Voices from all across the United States are speaking up for the protection of clean water. Check out what these folks from Colorado, Ohio, Minnesota, Montana, New Mexico, Pennsylvania, Tennessee, and Texas have to say this week about why clean water is important for each of them.

EPA regs clarify Clean Water Act – Helena Independent Record, 7/27

“The Clean Water Act has served Montana and the nation well. Its reach is now being pilloried for two simple reasons: raw politics and polluter profits. As for EPA accountability, we should demand as much or more from the industries and politicians engaged in spreading fear about a tool that has kept drinking water clean, wetlands available to soak up floodwaters and headwaters full of trout.”

Senators must work to preserve Clean Water Rule – Las Cruces Sun-News, 7/26

“Clean water is essential to New Mexicans’ health, our happiness, and our economic vitality. From the San Juan to the Rio Grande, rivers provide us with drinking water. When that water is polluted, even at relatively low levels, we increase our risk of liver disease, kidney disease, and even cancer. All of us are affected by unhealthy water quality, but Latinos have been disproportionately so. For example, more than one-third of U.S. Latinos live in states supplied with water by the Colorado River basin — a major river system affected by toxic pollution.”

Understanding why EPA’s water ruling under fire – The Coloradoan, 7/26

“Colorado is extraordinary for many reasons, but one of the most important is our position as the headwaters of much of the southwest U.S. With one or two exceptions the rivers that flow through Colorado flow out of the state, into the thirsty Southwest or, eventually, into the Gulf of Mexico down the Mississippi River.”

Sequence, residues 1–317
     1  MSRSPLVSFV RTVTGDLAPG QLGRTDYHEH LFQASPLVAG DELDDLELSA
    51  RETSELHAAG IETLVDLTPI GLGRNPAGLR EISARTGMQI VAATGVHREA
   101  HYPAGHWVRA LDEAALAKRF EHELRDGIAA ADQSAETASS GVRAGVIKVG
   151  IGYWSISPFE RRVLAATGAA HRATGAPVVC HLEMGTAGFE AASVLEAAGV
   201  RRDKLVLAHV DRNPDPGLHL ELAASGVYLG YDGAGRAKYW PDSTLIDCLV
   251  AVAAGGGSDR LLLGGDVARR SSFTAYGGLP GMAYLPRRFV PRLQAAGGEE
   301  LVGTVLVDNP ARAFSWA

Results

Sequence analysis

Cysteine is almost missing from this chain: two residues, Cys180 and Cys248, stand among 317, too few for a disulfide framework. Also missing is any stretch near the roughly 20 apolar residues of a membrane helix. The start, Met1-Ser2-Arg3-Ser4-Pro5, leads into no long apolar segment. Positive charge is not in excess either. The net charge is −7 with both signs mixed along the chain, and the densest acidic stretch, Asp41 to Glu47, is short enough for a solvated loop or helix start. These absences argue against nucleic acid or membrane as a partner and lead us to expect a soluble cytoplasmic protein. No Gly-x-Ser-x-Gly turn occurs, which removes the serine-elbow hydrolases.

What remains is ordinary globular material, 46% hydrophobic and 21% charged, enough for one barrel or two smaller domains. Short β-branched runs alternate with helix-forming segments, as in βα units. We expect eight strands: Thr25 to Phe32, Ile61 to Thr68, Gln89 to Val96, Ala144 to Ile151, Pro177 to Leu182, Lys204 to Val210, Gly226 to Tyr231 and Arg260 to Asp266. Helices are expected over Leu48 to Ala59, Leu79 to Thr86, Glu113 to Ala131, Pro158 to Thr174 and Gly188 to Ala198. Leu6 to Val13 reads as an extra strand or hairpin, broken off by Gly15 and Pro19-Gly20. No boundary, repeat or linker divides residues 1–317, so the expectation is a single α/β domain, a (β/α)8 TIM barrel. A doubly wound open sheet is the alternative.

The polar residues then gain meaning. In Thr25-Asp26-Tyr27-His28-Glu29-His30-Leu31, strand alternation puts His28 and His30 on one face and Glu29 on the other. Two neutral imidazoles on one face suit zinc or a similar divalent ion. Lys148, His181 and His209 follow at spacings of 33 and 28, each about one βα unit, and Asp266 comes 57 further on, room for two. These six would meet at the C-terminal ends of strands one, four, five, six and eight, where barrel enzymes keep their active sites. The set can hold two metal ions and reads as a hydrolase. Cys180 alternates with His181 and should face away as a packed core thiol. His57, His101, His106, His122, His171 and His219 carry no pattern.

Proposed Clean Water Rule follows Baker’s vision of stewardship – Knoxville News Sentinel, 7/26

“As a conservative, I easily can find fault with many Obama administration policies, but the U.S. Environmental Protection Agency’s recently proposed Clean Water Rule is not one of them. The long-overdue rule was made necessary by a muddled Supreme Court decision back in 2006, where the justices split three ways in their interpretation of the Clean Water Act’s scope.”

Clean Water Rule nets wide support from Minnesota anglers, hunters – Public News Service, 7/23

“When it comes to protecting smaller streams and wetlands in Minnesota, among those casting wide support for the latest rule on what’s covered under the Clean Water Act are those who fish and hunt.”

Ohio sportsmen and women: smaller streams need protections – Morrow County Sentinel, 7/23

“Some of Ohio’s 110,000 miles of streams could lose potential environmental protections as Congress considers rescinding a recent EPA rule that extends Clean Water Act standards to smaller streams and wetlands. A poll released today by the National Wildlife Federation finds 83 percent of hunters and anglers support the rule.”

Clean Water Rule would guard streams that flow into Trinity – Star-Telegram, 7/22

“The new Environmental Protection Agency rule that closes loopholes in the Clean Water Act is the single greatest victory for clean water in over a decade. The rule, known as the Waters of the U.S. rule, guarantees federal safeguards to all of the headwaters and streams that help keep bodies of water like Barton Springs, the Colorado River and Galveston Bay clean. This rule restores protections to 143,000 miles of streams that feed the drinking water sources for 11.5 million Texans.”

Countering misinformation about Clean Water Act – York Dispatch, 7/21

“Our country is incredibly fortunate that back in 1972 our elected representatives recognized that our economy, our very way of life, is inextricably tied to clean water. The same river that once caught on fire now supports an annual run of salmon.”

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